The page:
Police won't get involved in school drug searches unless it's from the outset.
By TIM YOVICH
VINDICATOR TRUMBULL STAFF
HUBBARD -- The head of the city's safety forces says police should be involved before drug searches are conducted in the schools.
Safety director Robert Paterniti said it came as a shock to him to learn that police were not involved in an April search for drugs at Hubbard High School.
"It's a change in school policy. We knew nothing about it," Paterniti said, noting city police have always been a part of the searches.
"You have to have the police involved from the beginning," he said.
Schools Superintendent James Herrholtz said that although the school district contracted with a private K-9 unit, police were on the scene when the April 26 search was conducted.
Acting Police Chief Kenneth Oyler said officers were not involved until a school official notified the police department that possible evidence was collected.
One officer confirmed that police weren't contacted until after the school building was searched and it was continuing in the parking lot.
Paterniti said he believes his officers were left out because someone in the large number of people involved could tip off students beforehand.
Herrholtz said secrecy is a factor because word of a pending search gets out when drug-sniffing dogs from other police jurisdictions are used. Hubbard police don't have a K-9 unit.
"You have to have the police involved from the beginning," the safety director said, adding he will discuss the situation with Herrholtz.
"I'm not opposed to lockdowns and checking lockers," Paterniti stressed. "You certainly can't be Gestapo-like, but use professionalism."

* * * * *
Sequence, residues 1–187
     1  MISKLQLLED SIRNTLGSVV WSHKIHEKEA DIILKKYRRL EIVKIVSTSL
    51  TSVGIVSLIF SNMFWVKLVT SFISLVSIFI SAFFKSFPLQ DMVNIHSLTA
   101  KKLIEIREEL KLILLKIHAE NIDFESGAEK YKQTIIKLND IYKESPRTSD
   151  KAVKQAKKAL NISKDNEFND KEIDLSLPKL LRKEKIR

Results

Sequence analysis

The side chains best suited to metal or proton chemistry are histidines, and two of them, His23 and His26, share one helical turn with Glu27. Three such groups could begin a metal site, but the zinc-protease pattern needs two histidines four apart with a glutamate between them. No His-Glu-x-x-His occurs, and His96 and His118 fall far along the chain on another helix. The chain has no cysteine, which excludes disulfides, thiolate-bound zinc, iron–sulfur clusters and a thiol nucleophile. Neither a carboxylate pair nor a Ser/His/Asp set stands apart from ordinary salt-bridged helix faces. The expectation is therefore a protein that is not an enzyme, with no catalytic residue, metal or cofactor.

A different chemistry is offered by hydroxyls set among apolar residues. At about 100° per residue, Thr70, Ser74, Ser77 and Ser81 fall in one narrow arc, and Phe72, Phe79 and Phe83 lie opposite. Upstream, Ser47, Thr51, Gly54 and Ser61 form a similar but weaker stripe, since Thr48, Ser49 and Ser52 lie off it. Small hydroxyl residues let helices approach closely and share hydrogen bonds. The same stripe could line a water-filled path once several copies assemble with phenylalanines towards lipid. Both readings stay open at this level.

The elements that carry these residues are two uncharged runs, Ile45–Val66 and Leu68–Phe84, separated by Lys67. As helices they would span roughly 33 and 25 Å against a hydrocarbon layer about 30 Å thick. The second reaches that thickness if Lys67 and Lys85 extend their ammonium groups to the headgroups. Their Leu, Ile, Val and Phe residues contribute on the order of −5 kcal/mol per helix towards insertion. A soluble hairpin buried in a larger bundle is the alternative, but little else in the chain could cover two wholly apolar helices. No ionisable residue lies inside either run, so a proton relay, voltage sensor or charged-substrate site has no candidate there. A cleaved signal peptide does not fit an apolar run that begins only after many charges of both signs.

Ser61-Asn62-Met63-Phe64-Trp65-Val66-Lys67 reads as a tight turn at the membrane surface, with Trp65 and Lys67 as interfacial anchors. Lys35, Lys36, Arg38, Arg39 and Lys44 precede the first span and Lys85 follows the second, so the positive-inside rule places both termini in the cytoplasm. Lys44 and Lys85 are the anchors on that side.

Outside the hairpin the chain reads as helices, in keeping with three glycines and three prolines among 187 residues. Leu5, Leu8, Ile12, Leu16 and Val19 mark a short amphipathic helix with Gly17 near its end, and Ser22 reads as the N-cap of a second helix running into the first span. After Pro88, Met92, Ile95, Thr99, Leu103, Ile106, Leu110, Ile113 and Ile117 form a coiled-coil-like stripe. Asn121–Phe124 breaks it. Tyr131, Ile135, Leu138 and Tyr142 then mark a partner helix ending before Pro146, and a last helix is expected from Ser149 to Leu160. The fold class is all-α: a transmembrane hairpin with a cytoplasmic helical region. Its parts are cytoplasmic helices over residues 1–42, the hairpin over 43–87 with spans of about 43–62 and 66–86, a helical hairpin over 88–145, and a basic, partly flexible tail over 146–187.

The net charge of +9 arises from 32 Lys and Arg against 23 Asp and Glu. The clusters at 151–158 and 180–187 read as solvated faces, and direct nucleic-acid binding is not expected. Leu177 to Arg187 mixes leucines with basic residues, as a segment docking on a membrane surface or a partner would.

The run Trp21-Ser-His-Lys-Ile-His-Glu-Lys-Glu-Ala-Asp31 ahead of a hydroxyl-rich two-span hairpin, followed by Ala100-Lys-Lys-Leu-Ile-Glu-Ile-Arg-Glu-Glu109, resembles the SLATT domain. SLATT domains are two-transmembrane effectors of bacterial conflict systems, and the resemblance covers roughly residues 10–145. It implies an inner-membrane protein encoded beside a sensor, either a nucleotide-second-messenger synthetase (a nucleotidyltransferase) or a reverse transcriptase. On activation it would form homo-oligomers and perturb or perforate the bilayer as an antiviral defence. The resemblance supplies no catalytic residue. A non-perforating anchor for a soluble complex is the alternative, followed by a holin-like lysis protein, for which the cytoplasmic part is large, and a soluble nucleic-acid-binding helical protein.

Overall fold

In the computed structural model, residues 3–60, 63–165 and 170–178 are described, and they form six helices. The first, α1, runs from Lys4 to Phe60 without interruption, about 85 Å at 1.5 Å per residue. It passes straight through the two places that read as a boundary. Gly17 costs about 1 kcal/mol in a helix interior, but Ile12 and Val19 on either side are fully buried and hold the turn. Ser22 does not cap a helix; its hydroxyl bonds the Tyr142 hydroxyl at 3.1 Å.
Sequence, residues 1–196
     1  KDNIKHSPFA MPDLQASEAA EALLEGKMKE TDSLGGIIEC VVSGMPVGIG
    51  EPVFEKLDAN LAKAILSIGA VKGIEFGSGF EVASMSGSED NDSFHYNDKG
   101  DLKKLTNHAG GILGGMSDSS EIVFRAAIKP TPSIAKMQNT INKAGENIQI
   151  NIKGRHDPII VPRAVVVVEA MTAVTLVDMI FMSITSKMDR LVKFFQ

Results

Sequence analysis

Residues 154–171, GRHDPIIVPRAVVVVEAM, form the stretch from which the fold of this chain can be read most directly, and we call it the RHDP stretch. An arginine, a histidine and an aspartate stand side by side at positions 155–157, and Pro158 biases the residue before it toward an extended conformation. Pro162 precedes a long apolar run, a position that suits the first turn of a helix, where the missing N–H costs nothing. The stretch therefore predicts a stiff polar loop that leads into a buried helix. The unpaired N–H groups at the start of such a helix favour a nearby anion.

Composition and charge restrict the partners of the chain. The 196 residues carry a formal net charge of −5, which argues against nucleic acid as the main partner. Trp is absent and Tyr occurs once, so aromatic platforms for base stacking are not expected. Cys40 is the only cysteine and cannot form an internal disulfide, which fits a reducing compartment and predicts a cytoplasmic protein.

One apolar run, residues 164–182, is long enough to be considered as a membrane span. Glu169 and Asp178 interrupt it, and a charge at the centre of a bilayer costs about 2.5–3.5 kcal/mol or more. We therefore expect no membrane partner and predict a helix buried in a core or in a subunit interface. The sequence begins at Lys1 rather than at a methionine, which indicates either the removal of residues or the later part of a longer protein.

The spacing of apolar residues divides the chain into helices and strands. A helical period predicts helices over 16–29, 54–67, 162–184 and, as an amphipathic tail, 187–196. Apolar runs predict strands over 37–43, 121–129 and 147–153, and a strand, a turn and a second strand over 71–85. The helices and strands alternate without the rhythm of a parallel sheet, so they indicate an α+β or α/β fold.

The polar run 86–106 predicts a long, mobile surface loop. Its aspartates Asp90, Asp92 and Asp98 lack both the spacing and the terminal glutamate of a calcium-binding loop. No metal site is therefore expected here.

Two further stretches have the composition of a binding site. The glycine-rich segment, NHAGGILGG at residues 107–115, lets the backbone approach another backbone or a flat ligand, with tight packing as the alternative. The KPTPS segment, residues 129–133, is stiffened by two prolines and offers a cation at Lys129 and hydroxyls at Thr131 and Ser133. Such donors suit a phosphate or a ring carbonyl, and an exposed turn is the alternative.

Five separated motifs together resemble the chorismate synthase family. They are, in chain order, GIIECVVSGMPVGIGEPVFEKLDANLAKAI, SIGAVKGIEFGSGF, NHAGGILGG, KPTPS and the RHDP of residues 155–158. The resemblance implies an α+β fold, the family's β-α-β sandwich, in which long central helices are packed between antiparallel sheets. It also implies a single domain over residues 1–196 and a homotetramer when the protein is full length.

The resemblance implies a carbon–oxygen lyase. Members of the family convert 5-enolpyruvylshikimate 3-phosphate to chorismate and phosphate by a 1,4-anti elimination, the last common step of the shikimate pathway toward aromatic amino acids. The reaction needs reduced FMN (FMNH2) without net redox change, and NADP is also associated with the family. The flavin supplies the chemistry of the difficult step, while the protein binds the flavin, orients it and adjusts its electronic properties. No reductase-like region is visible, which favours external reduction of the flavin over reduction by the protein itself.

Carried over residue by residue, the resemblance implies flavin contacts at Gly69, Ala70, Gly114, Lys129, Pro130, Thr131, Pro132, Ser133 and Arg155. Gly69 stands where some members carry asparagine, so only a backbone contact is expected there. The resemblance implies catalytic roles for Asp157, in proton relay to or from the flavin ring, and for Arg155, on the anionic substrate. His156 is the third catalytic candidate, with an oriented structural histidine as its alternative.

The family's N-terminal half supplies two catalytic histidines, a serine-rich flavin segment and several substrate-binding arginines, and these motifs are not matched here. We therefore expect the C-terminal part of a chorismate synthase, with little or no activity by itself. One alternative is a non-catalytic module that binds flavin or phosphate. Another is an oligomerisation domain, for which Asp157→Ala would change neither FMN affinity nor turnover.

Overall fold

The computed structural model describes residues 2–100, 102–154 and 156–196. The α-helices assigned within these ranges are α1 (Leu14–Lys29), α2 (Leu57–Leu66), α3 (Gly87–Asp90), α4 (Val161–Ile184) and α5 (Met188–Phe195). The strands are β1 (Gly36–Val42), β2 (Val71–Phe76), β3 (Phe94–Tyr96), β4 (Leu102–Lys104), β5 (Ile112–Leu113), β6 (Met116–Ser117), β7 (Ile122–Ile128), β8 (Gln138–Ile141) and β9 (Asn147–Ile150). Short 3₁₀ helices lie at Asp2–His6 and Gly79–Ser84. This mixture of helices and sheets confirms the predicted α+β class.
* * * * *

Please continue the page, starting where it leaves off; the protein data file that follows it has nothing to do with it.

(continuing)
Herrholtz said that there are fewer police K-9 units because of the cost of maintaining them and that school systems are increasingly using private firms.
Private service used
Tri-State Canine Services of Warren was used in the April 26 search. Herrholtz said Tri-State didn't charge the district because it was its first search at Hubbard.
Herrholtz said he'll meet with Tri-State owner David Booser to iron out a contract.
Neither Tri-State nor Booser is listed in the Warren/Trumbull County phone directory.
Paterniti said he will not permit city police to be involved in school searches unless the dog and its handler are law-enforcement trained.
He pointed out that if police are not involved from the beginning of the search, there may be a legal issue with the chain of any evidence collected.
Oyler said if the school uncovers contraband the district will have to file charges if police aren't involved.
Ted Terlesky, chief of security at Youngstown public schools, said Youngstown police are always involved in searches there.
A team consists of a school administrator, dog and its handler from the city police department, police officer, a custodian to cut open a lock and sometimes a photographer.